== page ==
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Navajo Leader Stands Tall

By Leslie Linthicum
Journal Staff Writer
          An 8-foot-tall statue of Navajo leader Manuelito has stood in Gallup for more than 100 years.
   
    For most of that time, it was propped in a second-story niche of an old adobe trading post, facing out over the railroad tracks. It was moved to a glass-covered enclosure when that building was replaced. And since 1993, the statue has been inside the warehouse, which is now locked and vacant.
        Longtime Gallup grocer Joe Di Gregorio and his wife, Christine, own the statue. They took custody after the building's owner, in negotiations to sell to an out-of-state buyer in 1983, turned to Di Gregorio and whispered, "Don't let the bastards take the Indian."
        Di Gregorio didn't. He agreed to take custody of Manuelito and promised to keep him in Gallup.
        But the last time Di Gregorio took a look at the imposing piece of art, standing alone in a darkened building, he decided it was time to give Manuelito a new home.
        "I saw him there, and I said, 'This is wrong,' " Di Gregorio said. "You walk by him and you almost see a tear. It's like, 'Get me out of here.' He's in a cage."
        Manuelito was not the kind of man who would be happy in a cage. His life spanned most of the 19th century, a time of bloody conflict and great change for the Navajo people. He was one of a few influential Navajo headmen and a warrior during the so-called Navajo wars.
        Manuelito and his followers were the last to surrender to the U.S. military for the Long Walk to Bosque Redondo, and history remembers him as a fierce resister. But he was also part of the Navajo team that negotiated the end of Bosque Redondo encampment and reservation boundaries that allowed for the Navajos' return to a portion of their homeland. A prestigious college scholarship funded by the tribe bears his name today.
        Manuelito's likeness was commissioned in the year after his death by C.N. Cotton, an Anglo trader who was a legend in his own right. Cotton co-owned the busy trading post in Ganado, Ariz., with Lorenzo Hubbell and opened his own warehouse and mercantile along the train tracks in Gallup in 1874.
        Cotton played a pivotal role in shaping the future of Navajo weaving. He encouraged weavers to move from traditional patterns to ones more pleasing to tourists' eyes, imported brighter synthetic dyes and made the first mail-order catalog to market Navajo weavings.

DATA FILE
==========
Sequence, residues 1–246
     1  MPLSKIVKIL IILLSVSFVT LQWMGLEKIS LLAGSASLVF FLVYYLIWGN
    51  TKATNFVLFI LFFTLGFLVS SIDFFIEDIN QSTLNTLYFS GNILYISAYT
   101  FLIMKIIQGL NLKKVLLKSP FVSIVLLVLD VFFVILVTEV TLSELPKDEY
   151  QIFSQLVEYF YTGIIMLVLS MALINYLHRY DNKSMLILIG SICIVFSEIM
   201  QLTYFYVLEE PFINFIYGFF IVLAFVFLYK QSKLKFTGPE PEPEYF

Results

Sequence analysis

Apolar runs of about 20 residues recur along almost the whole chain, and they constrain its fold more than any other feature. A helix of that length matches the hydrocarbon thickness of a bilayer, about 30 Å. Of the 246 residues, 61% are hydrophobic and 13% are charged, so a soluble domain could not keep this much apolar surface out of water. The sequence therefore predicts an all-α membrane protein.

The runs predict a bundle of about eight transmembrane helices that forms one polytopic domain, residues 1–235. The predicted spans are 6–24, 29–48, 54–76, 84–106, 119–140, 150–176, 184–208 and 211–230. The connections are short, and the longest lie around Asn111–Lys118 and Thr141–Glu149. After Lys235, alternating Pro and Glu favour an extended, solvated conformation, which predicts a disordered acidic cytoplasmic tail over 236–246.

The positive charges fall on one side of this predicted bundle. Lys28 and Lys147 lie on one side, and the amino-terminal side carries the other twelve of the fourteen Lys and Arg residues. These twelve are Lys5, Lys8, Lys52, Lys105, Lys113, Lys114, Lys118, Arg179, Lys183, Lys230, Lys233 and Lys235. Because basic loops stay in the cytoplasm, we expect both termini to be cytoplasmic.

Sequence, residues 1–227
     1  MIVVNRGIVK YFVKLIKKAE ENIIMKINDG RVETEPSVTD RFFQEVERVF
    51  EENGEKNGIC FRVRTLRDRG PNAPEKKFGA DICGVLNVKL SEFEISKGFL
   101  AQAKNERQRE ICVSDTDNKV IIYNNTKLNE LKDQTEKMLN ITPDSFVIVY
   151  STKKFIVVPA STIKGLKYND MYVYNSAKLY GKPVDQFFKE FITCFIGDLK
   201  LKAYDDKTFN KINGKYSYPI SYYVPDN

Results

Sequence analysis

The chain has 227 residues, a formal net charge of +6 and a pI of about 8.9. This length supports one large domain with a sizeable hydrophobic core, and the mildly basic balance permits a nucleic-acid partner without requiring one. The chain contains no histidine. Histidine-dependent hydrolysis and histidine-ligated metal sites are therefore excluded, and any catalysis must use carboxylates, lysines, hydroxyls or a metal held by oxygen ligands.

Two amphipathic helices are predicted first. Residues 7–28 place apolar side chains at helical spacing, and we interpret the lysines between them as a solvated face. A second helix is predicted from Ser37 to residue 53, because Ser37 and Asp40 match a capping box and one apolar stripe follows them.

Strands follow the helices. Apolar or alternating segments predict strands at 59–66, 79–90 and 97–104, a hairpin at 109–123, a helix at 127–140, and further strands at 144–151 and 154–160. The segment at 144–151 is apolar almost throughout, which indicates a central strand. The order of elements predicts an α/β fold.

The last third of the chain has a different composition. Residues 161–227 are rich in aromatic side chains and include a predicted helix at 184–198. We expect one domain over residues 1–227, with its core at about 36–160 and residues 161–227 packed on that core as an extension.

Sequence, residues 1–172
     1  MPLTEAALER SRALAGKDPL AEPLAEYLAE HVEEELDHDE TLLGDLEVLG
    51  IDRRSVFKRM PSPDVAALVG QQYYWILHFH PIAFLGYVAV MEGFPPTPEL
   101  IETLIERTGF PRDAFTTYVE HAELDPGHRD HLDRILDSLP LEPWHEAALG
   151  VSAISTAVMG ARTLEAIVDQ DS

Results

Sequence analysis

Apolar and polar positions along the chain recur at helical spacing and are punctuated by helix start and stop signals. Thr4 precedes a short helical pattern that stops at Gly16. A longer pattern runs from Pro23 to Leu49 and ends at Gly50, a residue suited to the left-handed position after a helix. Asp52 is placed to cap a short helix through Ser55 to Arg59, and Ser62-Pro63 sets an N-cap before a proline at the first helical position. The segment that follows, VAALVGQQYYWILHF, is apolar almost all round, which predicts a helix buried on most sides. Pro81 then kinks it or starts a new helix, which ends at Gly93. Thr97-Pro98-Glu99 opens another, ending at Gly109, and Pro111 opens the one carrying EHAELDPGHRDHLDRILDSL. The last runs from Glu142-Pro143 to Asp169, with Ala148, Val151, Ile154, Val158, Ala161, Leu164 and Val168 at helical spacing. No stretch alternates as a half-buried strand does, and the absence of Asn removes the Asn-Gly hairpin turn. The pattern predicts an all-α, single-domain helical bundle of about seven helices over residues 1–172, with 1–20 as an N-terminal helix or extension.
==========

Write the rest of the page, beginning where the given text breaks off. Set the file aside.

He was a friend of Manuelito's, and after Manuelito died of measles and pneumonia in 1893, he commissioned a larger-than-life statue, wrapped in a colorful chief's blanket.
        The artist was Hermon MacNeil, trained at the Ecole des Beaux-Arts in Paris and a teacher at the Art Institute of Chicago. He was known for his bronze depictions of Native Americans and tribal ceremonies.
        Rather than bronze, he employed a wooden armature and sculpted Manuelito in cement, working from a photograph. The statue was installed in a shallow niche on the outside the Cotton warehouse, facing east so Manuelito could greet the dawn in accordance with Navajo custom.
        Santa Fe art appraiser Bernard Ewell described the towering Indian in an appraisal document as "an icon for all of Gallup — Anglo and Indian alike."
        Over the years, he said, "it was one of those 'it's always been there' parts of the life experience of many of the city's residents and visitors, including large numbers of Navajos who came regularly into town and shop and take care of business."
        When Di Gregorio was looking for a new home for Manuelito, he knew it had to be somewhere prominent and public in Gallup, so people could visit him, and someplace permanent. "And," he told me, "he has to face east."
        He approached the McKinley County Commission, which happily accepted Di Gregorio's donation. Members are considering now where Manuelito will stand for his next century and more. The county courthouse is high on the list of possibilities.
        Carolyn Milligan, chairwoman of the McKinley County Fine Arts Commission, has estimated that it will cost $25,000 to $38,000 to restore the sculpture, which has deteriorated from a hundred years of rail yard soot, showers with a fire hose and a well-meaning but inept repainting. The County Commission has approved spending up to $20,000 on restoration.
        The 1,000-pound piece is fragile, Milligan said, and will most likely have to be restored in place at the warehouse, then carefully moved. Wherever it stands, she said, it will probably attract crowds.
        "It's really quite a commanding piece," Milligan said. "And it's for the people."
        UpFront is a daily front-page news and opinion column. You can reach Leslie at 823-3914 or llinthicum@abqjournal.com.
       





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